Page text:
Why does Blink sketch take up more flash and memory on Nano 33 compared to Uno?

I’ve had an Uno for a while, and just got my Nano 33 BLE Sense recently.

I noticed that the Blink sketch takes up considerably more flash and memory on the Nano 33.

I’m guessing this is due to differences in architecture (i.e. Atmega 328p compared to Nordic nRF52840) but this difference is a lot more than I was anticipating.

Flash Usage: 76396 Bytes vs 922 Bytes
Memory Usage: 42160 Bytes vs 9 Bytes

Why does the Nano 33 need such resources to run the Blink Sketch? I plan to use this board for a control project that is resource intensive and I don’t understand why the Blink sketch needs 7% of the flash and 16% of the memory.

Edit: I actually own the Nano 33 BLE Sense, can a moderator please move this if it’s not appropriate to post here? However, I think it’s a general enough question.

The Arduino Nano 33 BLE and BLE Sense use medOS. You got a whole lot of functionality copied to your Arduino. The sketch should now grow a lot slower because all the other stuff is already there.

For instance the Nano 33 BLE handles the serial via the USB itself. So it needs code for that. On the older boards you have a separate chip for that.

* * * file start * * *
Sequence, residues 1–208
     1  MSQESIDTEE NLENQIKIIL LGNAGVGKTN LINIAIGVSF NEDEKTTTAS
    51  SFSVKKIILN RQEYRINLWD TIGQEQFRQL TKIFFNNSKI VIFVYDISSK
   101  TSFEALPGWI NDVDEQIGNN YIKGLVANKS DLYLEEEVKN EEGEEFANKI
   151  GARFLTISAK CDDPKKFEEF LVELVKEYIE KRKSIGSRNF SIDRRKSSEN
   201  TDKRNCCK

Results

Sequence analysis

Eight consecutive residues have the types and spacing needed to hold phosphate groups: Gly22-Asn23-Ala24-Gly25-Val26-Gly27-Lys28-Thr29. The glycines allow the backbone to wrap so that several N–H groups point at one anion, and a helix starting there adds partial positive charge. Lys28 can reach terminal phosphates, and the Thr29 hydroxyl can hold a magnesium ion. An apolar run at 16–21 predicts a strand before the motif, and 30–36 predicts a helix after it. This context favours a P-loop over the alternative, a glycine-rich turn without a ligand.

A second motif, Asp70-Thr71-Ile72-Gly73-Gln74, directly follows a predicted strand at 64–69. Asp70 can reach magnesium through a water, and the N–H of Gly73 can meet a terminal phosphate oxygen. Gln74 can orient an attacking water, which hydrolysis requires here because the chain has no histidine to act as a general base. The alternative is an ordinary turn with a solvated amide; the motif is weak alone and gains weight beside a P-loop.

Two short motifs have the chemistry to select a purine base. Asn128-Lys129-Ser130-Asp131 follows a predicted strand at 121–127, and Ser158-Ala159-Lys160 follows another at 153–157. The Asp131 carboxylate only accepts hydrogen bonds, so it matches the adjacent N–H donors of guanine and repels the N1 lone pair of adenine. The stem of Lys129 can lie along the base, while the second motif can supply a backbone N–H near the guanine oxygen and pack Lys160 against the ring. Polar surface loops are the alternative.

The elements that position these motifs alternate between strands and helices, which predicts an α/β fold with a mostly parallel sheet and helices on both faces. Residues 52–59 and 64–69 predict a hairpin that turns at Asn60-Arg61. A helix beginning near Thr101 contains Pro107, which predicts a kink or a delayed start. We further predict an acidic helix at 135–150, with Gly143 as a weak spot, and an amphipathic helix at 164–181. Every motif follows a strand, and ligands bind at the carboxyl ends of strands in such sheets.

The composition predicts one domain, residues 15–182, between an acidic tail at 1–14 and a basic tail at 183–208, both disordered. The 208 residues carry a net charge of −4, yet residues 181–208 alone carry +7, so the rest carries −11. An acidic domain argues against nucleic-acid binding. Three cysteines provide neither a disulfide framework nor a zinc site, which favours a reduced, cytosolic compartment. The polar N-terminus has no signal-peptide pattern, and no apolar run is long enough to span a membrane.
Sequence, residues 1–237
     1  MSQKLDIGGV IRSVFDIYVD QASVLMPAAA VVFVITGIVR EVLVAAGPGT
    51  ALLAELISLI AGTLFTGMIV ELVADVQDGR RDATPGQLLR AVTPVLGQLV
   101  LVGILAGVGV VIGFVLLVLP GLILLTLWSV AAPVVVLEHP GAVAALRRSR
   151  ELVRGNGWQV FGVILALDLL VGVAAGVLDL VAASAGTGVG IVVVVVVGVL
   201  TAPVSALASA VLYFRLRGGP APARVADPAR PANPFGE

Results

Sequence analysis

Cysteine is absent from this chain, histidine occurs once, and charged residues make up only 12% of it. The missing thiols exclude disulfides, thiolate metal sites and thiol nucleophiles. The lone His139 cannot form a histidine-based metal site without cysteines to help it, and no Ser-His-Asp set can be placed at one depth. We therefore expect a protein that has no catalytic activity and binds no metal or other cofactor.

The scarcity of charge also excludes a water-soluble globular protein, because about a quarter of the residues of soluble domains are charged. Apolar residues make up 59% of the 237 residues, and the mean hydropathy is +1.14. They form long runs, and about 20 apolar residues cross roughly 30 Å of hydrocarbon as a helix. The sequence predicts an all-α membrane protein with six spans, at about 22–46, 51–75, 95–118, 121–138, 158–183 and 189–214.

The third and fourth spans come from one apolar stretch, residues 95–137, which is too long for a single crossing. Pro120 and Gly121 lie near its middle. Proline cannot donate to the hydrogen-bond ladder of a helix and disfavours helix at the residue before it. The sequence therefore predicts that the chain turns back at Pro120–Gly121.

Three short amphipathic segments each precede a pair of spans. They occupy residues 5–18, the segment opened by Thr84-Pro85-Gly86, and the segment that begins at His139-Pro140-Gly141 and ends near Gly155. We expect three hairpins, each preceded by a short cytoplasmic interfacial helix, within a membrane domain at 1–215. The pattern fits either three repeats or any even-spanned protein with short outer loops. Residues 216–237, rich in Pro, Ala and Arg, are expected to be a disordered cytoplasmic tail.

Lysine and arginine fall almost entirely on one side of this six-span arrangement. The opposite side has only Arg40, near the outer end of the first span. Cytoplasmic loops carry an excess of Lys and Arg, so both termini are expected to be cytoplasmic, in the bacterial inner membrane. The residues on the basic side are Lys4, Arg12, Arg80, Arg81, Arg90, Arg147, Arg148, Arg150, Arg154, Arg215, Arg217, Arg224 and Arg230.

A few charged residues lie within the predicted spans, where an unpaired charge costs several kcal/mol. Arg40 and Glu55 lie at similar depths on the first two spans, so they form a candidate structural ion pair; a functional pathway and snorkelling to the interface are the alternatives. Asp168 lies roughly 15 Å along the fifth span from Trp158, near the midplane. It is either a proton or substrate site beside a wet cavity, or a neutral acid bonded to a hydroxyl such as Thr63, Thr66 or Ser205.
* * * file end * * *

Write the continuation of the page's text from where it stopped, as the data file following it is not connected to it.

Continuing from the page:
The BLE and BLE Sense are the same board for the most part. There are only a few additional sensors on the Sense.

Klaus_K:
The Arduino Nano 33 BLE and BLE Sense use medOS. You got a whole lot of functionality copied to your Arduino. The sketch should now grow a lot slower because all the other stuff is already there.

For instance the Nano 33 BLE handles the serial via the USB itself. So it needs code for that. On the older boards you have a separate chip for that.

The BLE and BLE Sense are the same board for the most part. There are only a few additional sensors on the Sense.

Thanks, I think that clears things up. So mbedOS requires those resources to configure the Nano 33 BLE pretty much?

sunmisola:
So mbedOS requires those resources to configure the Nano 33 BLE pretty much?

Not just, its also code that you will/might be using. Because mbedOS comes with some additional functions to begin with it will also include more parts of the standard libraries. So, when you declare a floating point variable for the first time the code size will not increase as much as when you do that for an 8-bit Arduino.

If you want to know a bit more what is in your program have a look into the map file. Compile your code using the Verify button. Then have a look at the compiler output.

You should see a path just before the Sketch uses 76468 bytes (7%) of program storage space.

C:\Users\UserName\AppData\Local\Temp\arduino_build_123456/

Go to the folder while the IDE is still open and open the sketchName.map file in a text editor. Its a long file but shows you what has been added to your memory(object, memory location and size). There is code for timers, USB, power saving, real time kernel, mutex, semaphores, interrupts, GPIO, ...